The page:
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Canadian government is invoking its Emergencies Act to try to quell COVID protests

A person wears a Team Canada hockey jersey after city officials negotiated to move some trucks towards Parliament and away from downtown residences on the 18th day of a protest against COVID-19 measures that has grown into a broader antigovernment protest in Ottawa on Monday.
Justin Tang
/
AP
A person wears a Team Canada hockey jersey after city officials negotiated to move some trucks towards Parliament and away from downtown residences on the 18th day of a protest against COVID-19 measures that has grown into a broader antigovernment protest in Ottawa on Monday.

Updated February 14, 2022 at 8:25 PM ET

Canadian Prime Minister Justin Trudeau announced Monday that he is invoking the Emergencies Act, which gives the Canadian government the authority to take steps to "restore order" amid the blockades by truckers and others protesting the country's COVID-19 restrictions.

"These blockades are illegal, and if you are still participating the time to go home is now," Trudeau told reporters after a virtual meeting with province leaders, The Associated Press reported.

Trudeau says the emergency order "will be time-limited, geographically targeted" as well as "reasonable and proportionate to the threats they are meant to address."

Trudeau told reporters the government is not calling in the military.

The Emergencies Act, which was passed in 1988, gives authorities more resources to restore order and respond to public emergencies — such as natural disasters and unlawful acts.

Jason Kenney, the premier of Alberta, where protesters have been blocking a crossing to the U.S., expressed his opposition in using the Act — saying the province "has what it needs" to address the blockade, Canadian outlet CTV News reported.

"The view I have, which I conveyed to the prime minister... is that this is not necessary, at least for an Alberta context," Kenney said.

The Canadian politician added that he thinks Trudeau invoking the Emergency Act will "further inflame and potentially prolong the protests."

A man protests as he sits in the cab of his truck in Ottawa, during a demonstration by truck drivers over pandemic health rules and the Trudeau government. Millions of dollars that were donated to boost the protests are now in limbo.
Ed Jones / AFP via Getty Images
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AFP via Getty Images
A man protests as he sits in the cab of his truck in Ottawa, during a demonstration by truck drivers over pandemic health rules and the Trudeau government. Millions of dollars that were donated to boost the protests are now in limbo.

Canadian Interim Conservative Party leader Candice Bergen echoed Kenney's opposition.

"Does the prime minister think that these protests constitute a threat to the security of Canada? And if not, does he think that with this news, he could be escalating rather than de-escalating an already inflamed situation?" Bergen said.

Earlier Monday, TD Bank froze about $1.1 million that was intended to back the protests, multiple Canadian news outlets reported, saying the money was being held in two personal accounts.

TD Bank — the name is short for Toronto-Dominion Bank — says most of the money came from a GoFundMe campaign that was shut down, according to Canada's CTV News. Another portion was deposited from direct donations. Supporters had sought to raise cash to sustain the protests, which have disrupted cross-border business and made international headlines in recent weeks.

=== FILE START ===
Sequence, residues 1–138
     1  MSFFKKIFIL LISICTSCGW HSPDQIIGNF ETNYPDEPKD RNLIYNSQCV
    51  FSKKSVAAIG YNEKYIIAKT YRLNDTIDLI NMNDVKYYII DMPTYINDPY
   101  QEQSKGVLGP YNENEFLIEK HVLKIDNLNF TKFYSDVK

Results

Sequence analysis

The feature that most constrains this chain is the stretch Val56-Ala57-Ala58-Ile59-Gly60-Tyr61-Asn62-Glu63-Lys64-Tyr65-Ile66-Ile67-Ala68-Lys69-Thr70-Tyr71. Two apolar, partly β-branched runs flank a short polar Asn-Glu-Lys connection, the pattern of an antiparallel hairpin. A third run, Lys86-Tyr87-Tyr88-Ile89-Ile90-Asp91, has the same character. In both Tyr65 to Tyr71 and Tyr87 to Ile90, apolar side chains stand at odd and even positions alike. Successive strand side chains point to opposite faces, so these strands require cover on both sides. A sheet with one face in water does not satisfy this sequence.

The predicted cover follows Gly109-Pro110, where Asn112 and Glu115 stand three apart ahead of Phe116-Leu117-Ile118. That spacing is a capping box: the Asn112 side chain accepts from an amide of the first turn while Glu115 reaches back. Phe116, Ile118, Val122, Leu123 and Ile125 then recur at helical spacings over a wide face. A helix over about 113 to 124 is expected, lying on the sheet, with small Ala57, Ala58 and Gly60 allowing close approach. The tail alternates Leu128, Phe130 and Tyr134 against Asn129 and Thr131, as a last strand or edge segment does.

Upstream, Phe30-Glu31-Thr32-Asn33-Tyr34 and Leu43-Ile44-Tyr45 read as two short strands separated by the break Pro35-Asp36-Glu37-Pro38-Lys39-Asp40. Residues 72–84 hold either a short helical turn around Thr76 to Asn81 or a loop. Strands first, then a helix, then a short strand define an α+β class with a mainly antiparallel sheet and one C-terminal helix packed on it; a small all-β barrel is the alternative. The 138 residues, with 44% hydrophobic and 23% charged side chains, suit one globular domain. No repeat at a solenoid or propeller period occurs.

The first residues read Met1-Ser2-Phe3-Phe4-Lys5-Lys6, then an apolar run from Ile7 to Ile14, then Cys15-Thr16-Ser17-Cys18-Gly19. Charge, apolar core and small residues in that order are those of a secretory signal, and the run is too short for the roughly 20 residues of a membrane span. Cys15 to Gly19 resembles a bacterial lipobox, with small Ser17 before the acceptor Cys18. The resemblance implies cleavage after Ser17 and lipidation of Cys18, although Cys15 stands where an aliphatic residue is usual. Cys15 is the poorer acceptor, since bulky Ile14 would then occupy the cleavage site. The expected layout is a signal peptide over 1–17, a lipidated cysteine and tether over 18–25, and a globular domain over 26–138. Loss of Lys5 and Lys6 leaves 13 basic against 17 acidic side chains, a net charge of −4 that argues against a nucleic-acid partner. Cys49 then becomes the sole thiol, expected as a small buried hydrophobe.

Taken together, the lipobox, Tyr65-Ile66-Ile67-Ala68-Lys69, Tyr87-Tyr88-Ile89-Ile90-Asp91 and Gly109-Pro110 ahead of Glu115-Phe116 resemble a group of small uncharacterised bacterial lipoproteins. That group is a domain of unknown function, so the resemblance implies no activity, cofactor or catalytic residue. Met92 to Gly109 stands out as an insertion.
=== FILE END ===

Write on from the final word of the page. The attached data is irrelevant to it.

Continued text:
TD Bank told NPR on Monday that it wants an Ontario court to decide where the money should go.

"We are unable to release the funds without the court's direction because multiple parties, including the account holder, intended recipients and some donors, may be entitled to the funds," a TD spokesperson said. "The Court, not TD, should decide on the distribution of the funds."

The Ambassador Bridge, the busy border crossing that has been the centerpiece of the protest campaign, "reopened late Sunday after police cleared and arrested a lingering group of protesters demonstrating against COVID-19 vaccine mandates," as NPR reported.

But protests in other parts of the country are ongoing.

In early February, GoFundMe blocked around $10 million worth of donations from reaching the protest movement, dubbed the Freedom Convoy. The fundraising site said it would refund the money to those who contributed, after determining that the campaign violated its standards.

The GoFundMe decision prompted the fund-raising site GiveSendGo — which calls itself "the number one Free Christian crowdfunding platform" — to step in, pledging to get money to protesters.

But late last week, the Ontario Superior Court granted a government request to freeze access to money raised to back the blockade in Ottawa and at other border crossings. TD Bank then moved to freeze the money it was still holding.

GiveSendGo has insisted that it will still be able to deliver the money to protesters in Canada, despite the court's order. The site's campaigns, "Freedom Convoy 2022" and "Adopt-a-Trucker," have raised millions of dollars.

But the platform was apparently hacked Sunday night: as of Monday morning, its website wasn't loading, and reports state that hackers say they will release the names of people who donated to try to prolong the protests.

Copyright 2022 NPR. To see more, visit https://www.npr.org.

Bill Chappell is a writer and editor on the News Desk in the heart of NPR's newsroom in Washington, D.C.
Jonathan Franklin
Jonathan Franklin is a digital reporter on the News desk covering general assignment and breaking national news.

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